By MPP Toby Barrett
The public appetite to protect and promote our natural environment continues to grow.
With the majority of southern Ontario’s land base under private ownership, it remains critical to engage those who own the land as conservation partners on the working landscape – a landscape where farmers and stakeholders can work collaboratively to conserve our soil, water, wildlife and other natural resources.
ALUS – which stands for Alternate Land Use Services – is one program that puts the farmer in the driver’s seat and promises a well-managed and protected environment at a reasonable cost.
Canada’s ALUS program recognizes that owners of agricultural land and other property owners can truly contribute to the establishment, restoration and preservation of natural ecosystems. It is a program based on setting aside marginal land recognizing owners of land. It is a voluntary, farmer-led, rancher-led, landowner-led, incentive-based program.
Projects through ALUS restore wetlands, reforest, plant windbreaks, install riparian buffer strips, build sustainable drainage systems, create wildlife habitat and establish other ecologically beneficial projects.
Secondly, participants can use their land to enhance clean air, clean water, healthy soil, flood mitigation, climate adaptation, phosphorous retention, erosion prevention, carbon dioxide sequestration and wildlife habitat.
In Europe, agricultural policies help ensure farmers are compensated for the services they provide for the whole of society in managing, conserving and enhancing the rural and natural environment.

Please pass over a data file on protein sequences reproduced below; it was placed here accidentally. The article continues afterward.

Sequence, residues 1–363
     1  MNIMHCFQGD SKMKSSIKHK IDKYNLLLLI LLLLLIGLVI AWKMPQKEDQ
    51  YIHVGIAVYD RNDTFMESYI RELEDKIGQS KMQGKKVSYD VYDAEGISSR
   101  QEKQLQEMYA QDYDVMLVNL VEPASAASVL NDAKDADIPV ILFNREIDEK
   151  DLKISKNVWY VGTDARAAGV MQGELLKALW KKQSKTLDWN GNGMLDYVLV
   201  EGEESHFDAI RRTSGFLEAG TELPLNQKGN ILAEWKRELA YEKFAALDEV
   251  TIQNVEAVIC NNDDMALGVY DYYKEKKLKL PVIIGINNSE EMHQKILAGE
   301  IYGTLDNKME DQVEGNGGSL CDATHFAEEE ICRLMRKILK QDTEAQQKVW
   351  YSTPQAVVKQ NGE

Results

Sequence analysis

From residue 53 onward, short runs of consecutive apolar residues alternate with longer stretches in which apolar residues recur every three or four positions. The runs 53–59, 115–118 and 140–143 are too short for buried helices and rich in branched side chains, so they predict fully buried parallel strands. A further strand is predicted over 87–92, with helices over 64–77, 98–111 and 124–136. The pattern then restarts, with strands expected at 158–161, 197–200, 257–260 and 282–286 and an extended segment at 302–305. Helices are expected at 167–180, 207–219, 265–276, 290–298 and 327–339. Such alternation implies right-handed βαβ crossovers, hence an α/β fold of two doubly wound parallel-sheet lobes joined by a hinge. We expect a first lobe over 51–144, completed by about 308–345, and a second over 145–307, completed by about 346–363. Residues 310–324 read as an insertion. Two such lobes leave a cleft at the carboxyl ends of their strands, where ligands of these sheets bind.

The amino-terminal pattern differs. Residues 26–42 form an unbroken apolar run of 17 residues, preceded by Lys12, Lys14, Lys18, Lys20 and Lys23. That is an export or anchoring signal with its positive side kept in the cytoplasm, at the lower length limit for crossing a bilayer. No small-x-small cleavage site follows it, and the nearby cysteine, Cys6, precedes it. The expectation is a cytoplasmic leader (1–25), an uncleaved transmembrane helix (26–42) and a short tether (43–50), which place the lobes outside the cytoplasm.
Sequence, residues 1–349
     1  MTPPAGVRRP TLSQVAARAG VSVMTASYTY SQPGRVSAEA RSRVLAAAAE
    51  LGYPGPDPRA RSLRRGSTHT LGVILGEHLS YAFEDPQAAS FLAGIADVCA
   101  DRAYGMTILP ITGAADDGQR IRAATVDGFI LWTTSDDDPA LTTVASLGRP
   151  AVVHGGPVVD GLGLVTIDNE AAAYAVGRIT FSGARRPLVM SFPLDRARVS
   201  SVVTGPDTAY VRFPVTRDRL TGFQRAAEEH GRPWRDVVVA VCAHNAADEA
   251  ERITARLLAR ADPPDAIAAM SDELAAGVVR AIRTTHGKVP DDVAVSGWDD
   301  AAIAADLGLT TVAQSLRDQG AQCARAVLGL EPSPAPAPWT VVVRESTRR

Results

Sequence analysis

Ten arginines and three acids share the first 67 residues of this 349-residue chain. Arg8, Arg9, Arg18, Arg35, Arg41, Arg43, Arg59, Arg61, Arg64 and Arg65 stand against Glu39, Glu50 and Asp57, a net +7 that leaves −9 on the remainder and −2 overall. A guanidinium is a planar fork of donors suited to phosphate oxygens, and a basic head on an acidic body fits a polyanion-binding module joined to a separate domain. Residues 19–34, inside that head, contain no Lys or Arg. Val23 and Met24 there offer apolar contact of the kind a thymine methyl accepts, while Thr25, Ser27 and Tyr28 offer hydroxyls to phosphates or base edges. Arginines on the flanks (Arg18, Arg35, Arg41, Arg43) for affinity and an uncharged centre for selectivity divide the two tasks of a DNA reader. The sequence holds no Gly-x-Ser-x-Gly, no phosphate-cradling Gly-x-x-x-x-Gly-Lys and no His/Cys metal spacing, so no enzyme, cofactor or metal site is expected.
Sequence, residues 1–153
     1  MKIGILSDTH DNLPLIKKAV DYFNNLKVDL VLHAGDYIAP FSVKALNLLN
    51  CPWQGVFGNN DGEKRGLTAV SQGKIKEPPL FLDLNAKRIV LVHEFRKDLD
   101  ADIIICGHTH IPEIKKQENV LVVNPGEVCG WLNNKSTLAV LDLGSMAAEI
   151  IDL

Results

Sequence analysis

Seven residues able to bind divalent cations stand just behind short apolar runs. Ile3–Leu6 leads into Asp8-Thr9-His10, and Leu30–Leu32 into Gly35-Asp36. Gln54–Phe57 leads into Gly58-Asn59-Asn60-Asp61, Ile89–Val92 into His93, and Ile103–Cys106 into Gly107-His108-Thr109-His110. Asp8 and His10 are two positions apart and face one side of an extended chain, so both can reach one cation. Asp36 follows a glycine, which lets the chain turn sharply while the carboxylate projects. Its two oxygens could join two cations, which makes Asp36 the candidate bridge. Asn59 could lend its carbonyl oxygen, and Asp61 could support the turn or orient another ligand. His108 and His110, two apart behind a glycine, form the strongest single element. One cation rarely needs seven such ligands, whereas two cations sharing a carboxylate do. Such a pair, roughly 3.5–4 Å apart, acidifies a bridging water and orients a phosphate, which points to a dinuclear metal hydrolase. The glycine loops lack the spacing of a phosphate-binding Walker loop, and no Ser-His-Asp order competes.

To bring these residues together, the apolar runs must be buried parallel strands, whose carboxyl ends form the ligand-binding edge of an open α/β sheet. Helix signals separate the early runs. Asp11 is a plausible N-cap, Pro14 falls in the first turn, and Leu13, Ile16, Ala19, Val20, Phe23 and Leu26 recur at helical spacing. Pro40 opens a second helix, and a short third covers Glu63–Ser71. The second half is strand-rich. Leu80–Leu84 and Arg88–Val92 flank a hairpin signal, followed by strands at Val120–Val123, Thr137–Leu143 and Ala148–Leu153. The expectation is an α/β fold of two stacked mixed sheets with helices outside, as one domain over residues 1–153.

In the United States, millions of acres of fragile farmland has been retired by paying landowners to “grass them down” through the Conservation Reserve Program.
Canada doesn’t have a federally-funded program of payments for ecological goods and services, however, we have incentives from organizations like Ducks Unlimited, Delta Waterfowl and ALUS.
All too often, bureaucrats and politicians have sought to protect the environment, by saddling farmers with restrictions and red tape that prevents them from using their land to its full potential. Through ALUS, landowners have taken leadership in an area where politicians have been slow to act. Or, when they have acted it has been to burden farmers, ranchers and property owners with rules and regulations. Hence, the importance of on-the-ground experience, evidence-based research, and he working together of all concerned to accomplish practical, common sense results. Government doesn’t have all the answers.
ALUS, developed in 2000 by Manitoba’s Keystone Agricultural Producers and Delta Waterfowl, has gained significant support from farm organizations, outdoors groups, governments and philanthropists.
The money that rolls in is significant. Principal sponsors include the W. Garfield Weston Foundation. Delta Waterfowl is a foundational partner. Other funders include David Bissett, the J. W. McConnell Family Foundation, the Alberta Real Estate Foundation, Carthy Foundation and Ontario Nature.
ALUS Canada is now a national non-profit charity. It provides per acre annual payments to farmers and ranchers, recognizing their dedication to maintaining these kinds of projects on their land. No more than 20 per cent of the farm or ranch’s workable land is enrolled although exceptions can be made.
All too often, red tape and more laws and enforcement have been the response from government, with less-than-adequate results. ALUS is a completely different approach – a refreshing approach – that is market-driven and recognizes those who own the land are key to its conservation.
Toby Barrett is MPP for Haldimand and Norfolk